Rhode Island has enacted new protections for the state’s freshwater wetlands. The new legislation, signed into law Wednesday, streamlines the process for developers hoping to build near wetlands.
But that doesn’t mean that it will be easier to build along those wetlands, according to state officials.
Prior to the legislation, developers needed approval from both the state and cities and towns to begin building. Now developers only need state approval.
On average the new state standard is more stringent than the former municipal regulations—some cities and towns had none – said Coit.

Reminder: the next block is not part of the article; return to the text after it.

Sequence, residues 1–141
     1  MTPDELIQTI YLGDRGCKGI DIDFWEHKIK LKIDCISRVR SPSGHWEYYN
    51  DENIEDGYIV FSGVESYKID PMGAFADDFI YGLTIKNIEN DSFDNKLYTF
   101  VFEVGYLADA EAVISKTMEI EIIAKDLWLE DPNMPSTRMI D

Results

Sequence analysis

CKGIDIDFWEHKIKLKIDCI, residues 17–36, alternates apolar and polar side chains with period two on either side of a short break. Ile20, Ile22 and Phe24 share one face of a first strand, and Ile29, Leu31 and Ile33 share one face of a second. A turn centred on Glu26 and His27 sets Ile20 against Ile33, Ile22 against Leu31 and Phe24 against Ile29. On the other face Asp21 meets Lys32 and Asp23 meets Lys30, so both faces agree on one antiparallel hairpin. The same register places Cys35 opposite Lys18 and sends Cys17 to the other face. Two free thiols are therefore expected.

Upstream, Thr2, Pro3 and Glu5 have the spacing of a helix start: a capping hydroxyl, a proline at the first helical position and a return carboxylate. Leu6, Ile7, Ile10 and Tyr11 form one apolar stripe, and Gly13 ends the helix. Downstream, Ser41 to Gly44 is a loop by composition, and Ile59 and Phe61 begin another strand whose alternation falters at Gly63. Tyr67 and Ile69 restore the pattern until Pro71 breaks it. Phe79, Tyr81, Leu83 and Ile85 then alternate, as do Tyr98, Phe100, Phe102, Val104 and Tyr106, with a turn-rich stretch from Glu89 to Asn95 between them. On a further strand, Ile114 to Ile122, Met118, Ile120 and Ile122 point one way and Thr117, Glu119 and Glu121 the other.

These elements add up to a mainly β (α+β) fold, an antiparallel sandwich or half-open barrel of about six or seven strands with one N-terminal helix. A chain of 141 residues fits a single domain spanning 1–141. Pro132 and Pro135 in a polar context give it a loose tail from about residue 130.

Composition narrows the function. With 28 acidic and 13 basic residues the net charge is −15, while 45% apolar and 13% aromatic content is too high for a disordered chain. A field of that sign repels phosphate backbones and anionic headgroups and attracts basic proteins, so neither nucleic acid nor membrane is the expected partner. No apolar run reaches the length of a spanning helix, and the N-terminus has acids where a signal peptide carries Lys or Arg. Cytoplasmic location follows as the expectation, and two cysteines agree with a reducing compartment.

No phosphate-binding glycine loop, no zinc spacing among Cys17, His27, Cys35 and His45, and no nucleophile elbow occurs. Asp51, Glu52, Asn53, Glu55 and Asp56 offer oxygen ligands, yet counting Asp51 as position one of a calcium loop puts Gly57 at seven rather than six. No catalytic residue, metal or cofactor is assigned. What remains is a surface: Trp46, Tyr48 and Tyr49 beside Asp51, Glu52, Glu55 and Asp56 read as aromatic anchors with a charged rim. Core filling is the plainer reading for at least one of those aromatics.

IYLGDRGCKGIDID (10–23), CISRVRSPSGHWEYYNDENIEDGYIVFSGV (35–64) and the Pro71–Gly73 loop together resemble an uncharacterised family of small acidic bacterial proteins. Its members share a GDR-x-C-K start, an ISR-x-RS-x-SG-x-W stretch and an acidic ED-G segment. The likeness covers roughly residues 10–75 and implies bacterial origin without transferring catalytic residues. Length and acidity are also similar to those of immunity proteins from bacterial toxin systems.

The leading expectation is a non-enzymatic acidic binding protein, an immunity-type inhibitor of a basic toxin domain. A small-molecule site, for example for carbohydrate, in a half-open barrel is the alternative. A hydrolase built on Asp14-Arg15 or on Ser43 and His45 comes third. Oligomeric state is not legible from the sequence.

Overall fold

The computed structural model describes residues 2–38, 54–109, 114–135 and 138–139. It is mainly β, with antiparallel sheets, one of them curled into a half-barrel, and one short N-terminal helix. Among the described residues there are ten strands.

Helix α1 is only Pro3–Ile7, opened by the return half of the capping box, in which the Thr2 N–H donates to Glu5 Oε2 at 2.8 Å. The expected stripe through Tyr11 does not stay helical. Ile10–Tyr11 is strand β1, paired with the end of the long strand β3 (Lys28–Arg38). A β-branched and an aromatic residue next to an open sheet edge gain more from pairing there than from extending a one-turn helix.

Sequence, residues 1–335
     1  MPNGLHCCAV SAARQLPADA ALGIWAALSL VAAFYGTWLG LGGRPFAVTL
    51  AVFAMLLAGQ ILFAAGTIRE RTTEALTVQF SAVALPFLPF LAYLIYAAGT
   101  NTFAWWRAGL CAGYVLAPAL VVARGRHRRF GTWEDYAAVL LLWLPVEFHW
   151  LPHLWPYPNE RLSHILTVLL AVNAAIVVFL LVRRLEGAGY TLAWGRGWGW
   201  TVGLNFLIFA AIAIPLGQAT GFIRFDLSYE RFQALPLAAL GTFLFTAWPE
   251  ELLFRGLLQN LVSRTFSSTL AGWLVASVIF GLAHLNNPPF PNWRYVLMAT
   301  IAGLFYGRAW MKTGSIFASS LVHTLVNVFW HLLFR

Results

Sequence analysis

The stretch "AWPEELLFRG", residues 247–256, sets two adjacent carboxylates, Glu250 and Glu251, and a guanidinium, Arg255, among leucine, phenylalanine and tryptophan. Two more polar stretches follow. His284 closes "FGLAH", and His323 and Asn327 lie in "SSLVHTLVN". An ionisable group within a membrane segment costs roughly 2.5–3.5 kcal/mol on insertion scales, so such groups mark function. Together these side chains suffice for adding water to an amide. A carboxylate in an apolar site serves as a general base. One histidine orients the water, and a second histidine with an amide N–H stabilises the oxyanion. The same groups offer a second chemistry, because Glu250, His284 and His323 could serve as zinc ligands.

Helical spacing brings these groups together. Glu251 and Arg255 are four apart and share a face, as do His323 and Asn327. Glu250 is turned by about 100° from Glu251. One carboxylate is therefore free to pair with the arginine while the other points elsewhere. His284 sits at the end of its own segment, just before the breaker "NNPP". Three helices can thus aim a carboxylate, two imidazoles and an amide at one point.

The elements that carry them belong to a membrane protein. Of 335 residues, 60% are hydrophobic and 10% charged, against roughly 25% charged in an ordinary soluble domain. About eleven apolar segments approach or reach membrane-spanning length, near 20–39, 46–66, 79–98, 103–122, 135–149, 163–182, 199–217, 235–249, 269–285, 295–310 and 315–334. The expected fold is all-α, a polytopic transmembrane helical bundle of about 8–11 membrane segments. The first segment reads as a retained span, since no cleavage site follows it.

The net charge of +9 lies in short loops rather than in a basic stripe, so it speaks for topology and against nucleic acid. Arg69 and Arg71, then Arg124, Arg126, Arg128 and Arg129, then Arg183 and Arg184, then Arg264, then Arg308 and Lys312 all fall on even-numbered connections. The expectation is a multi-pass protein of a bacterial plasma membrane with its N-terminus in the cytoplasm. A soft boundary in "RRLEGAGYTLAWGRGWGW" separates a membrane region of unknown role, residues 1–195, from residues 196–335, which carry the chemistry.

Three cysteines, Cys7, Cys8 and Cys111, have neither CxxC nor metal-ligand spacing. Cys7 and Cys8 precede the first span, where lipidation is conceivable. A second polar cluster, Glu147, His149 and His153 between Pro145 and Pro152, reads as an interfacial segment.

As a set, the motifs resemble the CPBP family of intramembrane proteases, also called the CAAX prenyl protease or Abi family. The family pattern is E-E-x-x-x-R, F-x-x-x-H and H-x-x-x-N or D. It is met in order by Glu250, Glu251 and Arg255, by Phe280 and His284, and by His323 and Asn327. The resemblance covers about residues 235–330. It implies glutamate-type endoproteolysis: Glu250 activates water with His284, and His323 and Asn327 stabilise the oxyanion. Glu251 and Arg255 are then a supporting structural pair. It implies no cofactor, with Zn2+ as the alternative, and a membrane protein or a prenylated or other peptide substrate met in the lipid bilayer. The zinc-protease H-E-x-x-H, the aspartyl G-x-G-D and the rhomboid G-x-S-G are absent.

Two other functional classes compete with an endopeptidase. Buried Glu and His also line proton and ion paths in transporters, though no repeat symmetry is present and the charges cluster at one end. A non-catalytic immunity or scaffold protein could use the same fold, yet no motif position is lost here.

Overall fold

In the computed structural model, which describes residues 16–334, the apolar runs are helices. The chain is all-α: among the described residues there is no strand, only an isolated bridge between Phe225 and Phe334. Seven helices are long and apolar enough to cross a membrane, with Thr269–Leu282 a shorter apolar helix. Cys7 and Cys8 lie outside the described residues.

“So we are at the very beginning of our regulatory process where we will finalize all the details of that standard, but in general the law establishes a one-hundred foot jurisdictional area.”
Coit said those exact details will be hammered out over the course of the next year. Some cities and towns had stronger regulations than the new state standards, and municipalities will be able to petition for stronger regulations. The Audobon Society tells EcoRI, that though the legislation could do more to protect wetlands, the evironmental advocay organization supports the new measures.
Coit says wetlands play a vital role in Rhode Island’s drinking water supply.
“They collect and filter water, they’ll help prevent sediment from flowing into a river way,” said Coit. “So even if it’s not a wet area per se, keeping development out of the area right around a drinking water supply area makes sense.”
Coit says Rhode Island has already lost more than half its freshwater wetlands.
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